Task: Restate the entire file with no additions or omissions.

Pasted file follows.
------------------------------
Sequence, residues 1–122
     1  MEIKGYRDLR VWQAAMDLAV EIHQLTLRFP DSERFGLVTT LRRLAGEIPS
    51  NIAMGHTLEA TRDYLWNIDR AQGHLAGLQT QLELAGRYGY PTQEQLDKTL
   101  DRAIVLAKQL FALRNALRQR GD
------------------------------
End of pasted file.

Sequence, residues 1–122
     1  MEIKGYRDLR VWQAAMDLAV EIHQLTLRFP DSERFGLVTT LRRLAGEIPS
    51  NIAMGHTLEA TRDYLWNIDR AQGHLAGLQT QLELAGRYGY PTQEQLDKTL
   101  DRAIVLAKQL FALRNALRQR GD